We were the first HBCU to have a live mascot, LaCumba, which is our jaguar. I believe we’re the first; that’s what they always say, so hopefully they are right. I feel like that was such an amazing thing because we are so prideful about our mascots and where we come from. Like, a jaguar is one of the fastest big cats. So I feel like as an institution we pride ourselves on being some of the best of the best and always setting that standard and being so prideful of where we come from and always being so fierce. You know we say we graduated from Thee Southern University and A&M.
Do you agree a lot of people don’t know about HBCU introductions and the power of saying “thee” and the word illustrious as an adjective before your school’s name?
I would say saying “thee” and “illustrious” gives you this boost. You came from somewhere that is so rich in history and somewhere that our ancestors literally built because we were not allowed in these white spaces and institutions. Saying these adjectives is like saying we come from somewhere that is deep-rooted in Black excellence and it has so much history. We are so prideful in where we come from. Being an HBCU student and being an HBCU grad is such an accomplishment. For me personally, going to an HBCU on a full-ride scholarship and all the things I’ve done so far, especially coming from Chicago, moving to a completely different state and being out of my comfort zone, I feel like I’ve done so much and accomplished so much already. I know that’s because of the opportunities my HBCU has granted me.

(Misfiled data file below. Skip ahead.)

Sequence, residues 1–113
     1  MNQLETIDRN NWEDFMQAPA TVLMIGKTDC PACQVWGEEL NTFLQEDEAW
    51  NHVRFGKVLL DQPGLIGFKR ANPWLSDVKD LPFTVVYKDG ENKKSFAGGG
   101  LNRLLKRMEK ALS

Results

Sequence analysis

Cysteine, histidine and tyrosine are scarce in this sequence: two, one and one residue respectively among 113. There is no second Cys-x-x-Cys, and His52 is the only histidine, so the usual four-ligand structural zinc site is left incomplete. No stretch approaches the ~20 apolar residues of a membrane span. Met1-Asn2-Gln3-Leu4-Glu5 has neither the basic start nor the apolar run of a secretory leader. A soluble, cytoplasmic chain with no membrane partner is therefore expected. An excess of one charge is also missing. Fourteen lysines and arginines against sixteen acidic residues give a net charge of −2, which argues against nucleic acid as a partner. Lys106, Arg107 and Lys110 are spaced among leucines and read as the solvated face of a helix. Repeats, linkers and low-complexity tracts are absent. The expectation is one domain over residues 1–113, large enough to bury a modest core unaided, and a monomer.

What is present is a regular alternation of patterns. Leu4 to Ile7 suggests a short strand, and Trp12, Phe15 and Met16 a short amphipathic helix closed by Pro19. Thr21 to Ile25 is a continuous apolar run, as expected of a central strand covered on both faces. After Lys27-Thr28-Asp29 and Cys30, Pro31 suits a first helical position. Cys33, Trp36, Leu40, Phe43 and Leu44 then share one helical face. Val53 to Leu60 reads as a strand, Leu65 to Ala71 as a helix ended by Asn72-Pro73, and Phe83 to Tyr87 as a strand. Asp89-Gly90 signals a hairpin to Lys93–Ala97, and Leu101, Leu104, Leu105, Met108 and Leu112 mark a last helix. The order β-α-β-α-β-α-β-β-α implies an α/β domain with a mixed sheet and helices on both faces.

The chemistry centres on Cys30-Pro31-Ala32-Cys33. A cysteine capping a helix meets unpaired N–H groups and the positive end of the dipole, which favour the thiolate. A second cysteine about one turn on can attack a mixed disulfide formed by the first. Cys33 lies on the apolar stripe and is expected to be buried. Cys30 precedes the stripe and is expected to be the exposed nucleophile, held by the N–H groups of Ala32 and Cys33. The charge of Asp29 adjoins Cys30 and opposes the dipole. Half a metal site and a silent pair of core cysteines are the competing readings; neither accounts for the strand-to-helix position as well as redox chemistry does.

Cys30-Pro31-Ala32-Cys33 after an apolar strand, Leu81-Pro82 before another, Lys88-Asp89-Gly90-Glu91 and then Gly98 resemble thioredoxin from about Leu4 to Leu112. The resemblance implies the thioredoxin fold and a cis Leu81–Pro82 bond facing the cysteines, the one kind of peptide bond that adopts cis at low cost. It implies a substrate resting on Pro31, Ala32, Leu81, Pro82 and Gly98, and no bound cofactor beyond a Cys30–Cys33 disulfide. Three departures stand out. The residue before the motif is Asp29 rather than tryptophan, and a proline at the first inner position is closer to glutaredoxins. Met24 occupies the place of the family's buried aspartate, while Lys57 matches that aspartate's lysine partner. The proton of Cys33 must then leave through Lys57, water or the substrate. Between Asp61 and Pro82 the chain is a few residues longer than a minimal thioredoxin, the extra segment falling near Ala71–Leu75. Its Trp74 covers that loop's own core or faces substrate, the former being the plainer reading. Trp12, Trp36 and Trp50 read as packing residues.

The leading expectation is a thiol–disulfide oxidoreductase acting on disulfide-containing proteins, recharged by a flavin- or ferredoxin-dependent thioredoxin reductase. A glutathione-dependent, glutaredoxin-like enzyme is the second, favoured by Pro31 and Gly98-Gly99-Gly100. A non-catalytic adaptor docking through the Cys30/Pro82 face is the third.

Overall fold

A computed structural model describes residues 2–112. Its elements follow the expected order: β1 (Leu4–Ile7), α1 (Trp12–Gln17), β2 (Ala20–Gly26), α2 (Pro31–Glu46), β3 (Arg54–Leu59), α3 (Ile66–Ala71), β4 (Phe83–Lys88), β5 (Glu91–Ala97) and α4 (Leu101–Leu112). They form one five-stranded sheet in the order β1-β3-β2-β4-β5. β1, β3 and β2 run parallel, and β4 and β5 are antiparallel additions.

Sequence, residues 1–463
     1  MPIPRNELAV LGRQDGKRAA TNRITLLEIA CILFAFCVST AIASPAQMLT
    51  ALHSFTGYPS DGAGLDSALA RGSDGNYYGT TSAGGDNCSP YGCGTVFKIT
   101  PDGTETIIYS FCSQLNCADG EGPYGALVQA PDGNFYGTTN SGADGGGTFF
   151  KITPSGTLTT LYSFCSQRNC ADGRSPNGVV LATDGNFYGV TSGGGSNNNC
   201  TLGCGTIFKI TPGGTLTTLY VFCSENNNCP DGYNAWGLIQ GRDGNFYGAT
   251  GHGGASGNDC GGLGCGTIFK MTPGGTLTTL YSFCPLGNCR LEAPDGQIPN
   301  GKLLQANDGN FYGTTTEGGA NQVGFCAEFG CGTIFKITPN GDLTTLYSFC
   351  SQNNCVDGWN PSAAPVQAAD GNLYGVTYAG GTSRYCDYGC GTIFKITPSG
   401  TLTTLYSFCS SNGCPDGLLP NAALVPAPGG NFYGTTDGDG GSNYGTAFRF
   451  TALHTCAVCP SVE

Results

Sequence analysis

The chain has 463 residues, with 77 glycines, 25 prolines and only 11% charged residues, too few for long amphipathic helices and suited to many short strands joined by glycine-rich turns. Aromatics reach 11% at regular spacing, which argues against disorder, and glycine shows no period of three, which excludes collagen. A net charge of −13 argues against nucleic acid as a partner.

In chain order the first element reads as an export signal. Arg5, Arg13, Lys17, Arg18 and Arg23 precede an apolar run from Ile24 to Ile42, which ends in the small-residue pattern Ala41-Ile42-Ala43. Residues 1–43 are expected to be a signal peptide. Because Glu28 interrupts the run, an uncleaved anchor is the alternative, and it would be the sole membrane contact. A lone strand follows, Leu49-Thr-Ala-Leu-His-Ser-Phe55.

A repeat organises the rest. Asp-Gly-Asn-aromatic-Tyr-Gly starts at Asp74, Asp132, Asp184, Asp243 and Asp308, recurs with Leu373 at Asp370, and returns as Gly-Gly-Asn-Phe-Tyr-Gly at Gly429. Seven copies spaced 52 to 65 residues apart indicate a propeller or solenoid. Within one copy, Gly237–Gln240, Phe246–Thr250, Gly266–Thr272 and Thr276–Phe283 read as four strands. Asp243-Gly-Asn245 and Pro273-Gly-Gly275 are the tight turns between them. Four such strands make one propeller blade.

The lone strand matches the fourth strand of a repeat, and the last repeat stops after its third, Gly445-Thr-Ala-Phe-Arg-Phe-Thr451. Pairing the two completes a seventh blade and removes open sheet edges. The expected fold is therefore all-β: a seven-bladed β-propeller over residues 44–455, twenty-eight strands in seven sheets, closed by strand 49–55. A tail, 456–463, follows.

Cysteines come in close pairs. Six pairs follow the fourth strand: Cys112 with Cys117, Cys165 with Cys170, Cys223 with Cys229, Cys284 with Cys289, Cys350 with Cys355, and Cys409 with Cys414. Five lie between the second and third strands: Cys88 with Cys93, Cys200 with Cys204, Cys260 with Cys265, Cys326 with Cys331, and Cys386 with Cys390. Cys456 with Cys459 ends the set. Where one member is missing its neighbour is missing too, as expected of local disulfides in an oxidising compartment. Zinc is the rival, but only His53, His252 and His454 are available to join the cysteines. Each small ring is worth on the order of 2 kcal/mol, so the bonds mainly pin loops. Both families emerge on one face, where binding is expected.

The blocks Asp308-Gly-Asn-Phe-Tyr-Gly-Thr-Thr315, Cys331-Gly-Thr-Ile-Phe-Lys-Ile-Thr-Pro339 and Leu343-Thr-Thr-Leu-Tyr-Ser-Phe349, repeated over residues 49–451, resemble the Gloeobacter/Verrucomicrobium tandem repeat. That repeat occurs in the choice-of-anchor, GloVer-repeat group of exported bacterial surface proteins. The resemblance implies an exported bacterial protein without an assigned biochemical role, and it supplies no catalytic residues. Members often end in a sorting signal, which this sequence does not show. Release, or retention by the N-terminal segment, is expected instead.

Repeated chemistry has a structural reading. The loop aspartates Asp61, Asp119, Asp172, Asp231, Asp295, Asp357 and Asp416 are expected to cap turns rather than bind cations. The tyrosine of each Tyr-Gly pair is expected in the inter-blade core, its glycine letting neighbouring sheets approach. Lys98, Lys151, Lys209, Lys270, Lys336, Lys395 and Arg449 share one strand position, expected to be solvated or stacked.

A lot of people don’t understand the grandiosity of campaigning at an HBCU for a position. Tell me about your experience running for sophomore class president.